Coevolution of birds and their parasitic lice
We use genomic data to reconstruct and compare the phylogenetic and population genetic patterns between birds and their parasitic feather lice. Making these comparisons is a powerful approach for understanding what processes shape bird-louse interactions over different evolutionary scales (codiversification, host switching, etc.). We work with many different bird/louse systems, including pigeons and doves, ptarmigan and grouse, passerine songbirds, and Tyrannus flycatchers. We also work at different geographical scales, from specific regions in the U.S. to a global (multi-continent) scale.
Tanglegrams comparing the phylogenies of ground-doves and their lice.
Mitogenome evolution in lice
Fragmented mitogenomes from four species of bird lice
Most organisms have a single, circular mitochondrial genome (mitogenomes). However, several species of parasitic lice are known to have fragmented mitogenomes. The same set of genes are present, but they are separated on two or more smaller fragments ("chromosomes"). We are pursuing two general questions related to these fragmented mitogenomes in parasitic lice. First, how common is this phenomenon in lice? Fragmented mitogenomes appear to have arisen from single mitogenomes at least a dozen within lice, but it is unknown how common fragmentation is across the diversity of lice. Second, why are fragmented mitogenomes relatively common in lice, when the phenomenon is rare and often detrimental across all other animals? We are currently focusing on testing links between fragmentation and selection, mito-nuclear interactions, and mitogenome nucleotide composition.
Co-phylogeography of Caribbean birds and their lice
The Caribbean islands are home to many different species of birds. This includes a mix of species endemic to a specific island, species that are found on many islands, and species that are found on both islands and the mainland. The birds also act as "islands" to different groups of parasites. We are interested in the phylogeography of several groups of Caribbean birds and their ectoparasites. Some questions we are pursuing include: How/when have different species colonized the islands? Do their parasites show similar phylogeographic patterns, or is there evidence for more independent evolutionary histories? Currently, we are addressing these questions in Common ground-doves (Columbina passerina) and Loggerhead kingbirds (Tyrannus caudifasciatus).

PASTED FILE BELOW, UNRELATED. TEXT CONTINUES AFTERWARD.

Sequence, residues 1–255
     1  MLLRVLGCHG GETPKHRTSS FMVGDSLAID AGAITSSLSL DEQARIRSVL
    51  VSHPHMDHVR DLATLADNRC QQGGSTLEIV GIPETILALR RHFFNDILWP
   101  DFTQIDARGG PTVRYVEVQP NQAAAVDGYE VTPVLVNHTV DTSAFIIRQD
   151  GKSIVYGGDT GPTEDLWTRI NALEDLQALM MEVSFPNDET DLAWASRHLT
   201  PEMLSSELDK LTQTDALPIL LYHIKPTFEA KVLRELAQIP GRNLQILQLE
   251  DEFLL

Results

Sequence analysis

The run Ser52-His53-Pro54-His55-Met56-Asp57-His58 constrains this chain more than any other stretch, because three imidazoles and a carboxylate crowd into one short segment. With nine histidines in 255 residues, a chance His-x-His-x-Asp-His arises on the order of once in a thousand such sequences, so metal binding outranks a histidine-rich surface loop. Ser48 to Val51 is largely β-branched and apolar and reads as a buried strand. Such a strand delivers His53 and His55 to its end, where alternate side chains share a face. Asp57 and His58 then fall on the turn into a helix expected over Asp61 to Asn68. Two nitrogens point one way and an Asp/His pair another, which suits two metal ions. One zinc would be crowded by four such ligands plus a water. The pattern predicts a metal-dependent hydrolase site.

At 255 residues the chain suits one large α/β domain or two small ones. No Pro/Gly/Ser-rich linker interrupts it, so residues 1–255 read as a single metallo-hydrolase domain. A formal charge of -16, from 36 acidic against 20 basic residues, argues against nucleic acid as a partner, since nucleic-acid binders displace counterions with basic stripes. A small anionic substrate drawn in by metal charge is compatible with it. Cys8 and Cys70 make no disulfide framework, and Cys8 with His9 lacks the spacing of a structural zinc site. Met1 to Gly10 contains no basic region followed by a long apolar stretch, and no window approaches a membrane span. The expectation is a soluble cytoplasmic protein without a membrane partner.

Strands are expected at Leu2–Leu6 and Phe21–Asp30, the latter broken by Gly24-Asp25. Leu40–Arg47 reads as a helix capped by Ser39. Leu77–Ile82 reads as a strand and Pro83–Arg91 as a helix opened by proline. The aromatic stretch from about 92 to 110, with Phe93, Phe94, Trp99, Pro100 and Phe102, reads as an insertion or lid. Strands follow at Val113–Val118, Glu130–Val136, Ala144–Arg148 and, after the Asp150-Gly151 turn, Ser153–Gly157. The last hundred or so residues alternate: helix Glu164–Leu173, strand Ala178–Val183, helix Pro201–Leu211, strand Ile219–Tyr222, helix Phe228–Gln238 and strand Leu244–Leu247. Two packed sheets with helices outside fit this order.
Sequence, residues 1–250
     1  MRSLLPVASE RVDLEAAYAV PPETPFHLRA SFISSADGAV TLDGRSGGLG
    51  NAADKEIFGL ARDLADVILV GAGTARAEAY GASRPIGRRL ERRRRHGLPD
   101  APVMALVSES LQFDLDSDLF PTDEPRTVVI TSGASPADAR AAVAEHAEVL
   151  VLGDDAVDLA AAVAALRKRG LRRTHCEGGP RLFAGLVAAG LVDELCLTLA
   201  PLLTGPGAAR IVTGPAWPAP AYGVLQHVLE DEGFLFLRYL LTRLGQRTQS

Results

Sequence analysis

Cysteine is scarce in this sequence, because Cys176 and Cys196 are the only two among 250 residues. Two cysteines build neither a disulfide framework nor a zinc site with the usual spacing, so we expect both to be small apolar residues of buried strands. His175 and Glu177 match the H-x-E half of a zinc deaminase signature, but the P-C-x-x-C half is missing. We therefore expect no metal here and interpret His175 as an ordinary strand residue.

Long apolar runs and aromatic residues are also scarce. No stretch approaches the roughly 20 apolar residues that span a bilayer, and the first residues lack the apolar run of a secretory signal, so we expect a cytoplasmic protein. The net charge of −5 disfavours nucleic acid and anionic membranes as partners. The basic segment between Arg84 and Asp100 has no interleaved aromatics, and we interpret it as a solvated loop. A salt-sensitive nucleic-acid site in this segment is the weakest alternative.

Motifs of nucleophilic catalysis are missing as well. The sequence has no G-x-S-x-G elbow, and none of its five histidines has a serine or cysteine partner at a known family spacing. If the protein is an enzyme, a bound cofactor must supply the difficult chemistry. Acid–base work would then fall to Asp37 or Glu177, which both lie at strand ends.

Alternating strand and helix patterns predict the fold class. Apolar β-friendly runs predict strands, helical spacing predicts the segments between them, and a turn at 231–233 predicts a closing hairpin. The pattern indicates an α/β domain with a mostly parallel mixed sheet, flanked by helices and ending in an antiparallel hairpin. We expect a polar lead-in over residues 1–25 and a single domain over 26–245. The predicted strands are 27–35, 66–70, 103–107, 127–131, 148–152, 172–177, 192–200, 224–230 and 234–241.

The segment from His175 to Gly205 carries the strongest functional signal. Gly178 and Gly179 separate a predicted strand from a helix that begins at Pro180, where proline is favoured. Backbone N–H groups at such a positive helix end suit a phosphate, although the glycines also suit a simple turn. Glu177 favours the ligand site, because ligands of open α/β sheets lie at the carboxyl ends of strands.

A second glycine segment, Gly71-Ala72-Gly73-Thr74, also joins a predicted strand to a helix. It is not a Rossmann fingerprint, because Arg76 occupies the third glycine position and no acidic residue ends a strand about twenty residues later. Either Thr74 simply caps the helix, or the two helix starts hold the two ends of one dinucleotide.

Range map of Common ground doves
Regional prevalence and dispersal of bird lice
Parasites can have considerable variation in their prevalence across geographical space, but relatively little is understood about the factors that drive this variation at a regional scale. To address this gap, we are focusing on prevalence of parasitic lice across different ecoregions in Arkansas. We are primarily sampling lice from Northern Cardinals (Cardinalis cardinalis) and Mourning Doves (Zenaida macroura) to estimate prevalence and abundance of lice in these regions. We are also obtaining genomic information to better understand dispersal of the lice and their hosts both within and among different habitats and ecoregions.
Prevalence of lice from Northern Cardinals in Arkansas
Arthropod biodiversity of northeast Arkansas
Arthropods are the most diverse group of animals, but most of this biodiversity is undescribed. This shortcoming poses major challenges for conserving arthropods in the face of a massive biodiversity crises. Formerly describing new species relies on the knowledge of taxonomic experts, but genetic data can be a good first-pass for assessing the diversity of a group and/or geographic region. We are applying the latest DNA sequencing approaches to assess arthropod biodiversity in northeast Arkansas. We are primarily using DNA barcoding data generated from large pools of samples to get an initial glimpse into the regional biodiversity (including potentially new taxa!).
Haplotype network based on mitochondrial cox1 sequences from mites collected in northeast Arkansas
Phylogeny of endosymbionts from two groups of bird lice
Evolutionary History of Bacterial Endosymbionts in Parasitic Lice
Endosymbiotic bacteria are another player in the bird-louse system. These bacteria are likely maternally inherited and provide essential nutrients that lice are not able to get in their diets. Lice as a group harbor several different types of endosymbionts, usually depending on the species or genus of louse. The Sweet Lab uses genetic data to understand the diversity and evolutionary relationships of endosymbiotic bacteria from lice. How diverse are these bacteria? Do different species of lice harbor unique clades of bacteria? Do the phylogenies of bacteria mirror that of their louse hosts? We can address these questions by bioinformatically obtaining bacterial genes from whole genome sequences of lice. Because we use an entire louse specimen for DNA extraction, the bacterial DNA is sequenced as "by-catch." From these data we are able to construct phylogenetic relationships among the bacteria.